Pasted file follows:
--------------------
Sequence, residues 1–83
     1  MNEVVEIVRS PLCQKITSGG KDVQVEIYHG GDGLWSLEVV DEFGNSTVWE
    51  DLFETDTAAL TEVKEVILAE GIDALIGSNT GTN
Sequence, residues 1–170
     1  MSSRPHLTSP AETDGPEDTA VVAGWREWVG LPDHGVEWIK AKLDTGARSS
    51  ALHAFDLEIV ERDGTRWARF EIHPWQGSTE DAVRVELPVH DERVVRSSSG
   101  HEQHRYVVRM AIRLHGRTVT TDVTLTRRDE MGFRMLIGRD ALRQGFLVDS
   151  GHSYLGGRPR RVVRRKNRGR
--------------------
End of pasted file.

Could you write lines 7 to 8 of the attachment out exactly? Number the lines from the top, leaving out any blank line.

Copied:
   101  HEQHRYVVRM AIRLHGRTVT TDVTLTRRDE MGFRMLIGRD ALRQGFLVDS
   151  GHSYLGGRPR RVVRRKNRGR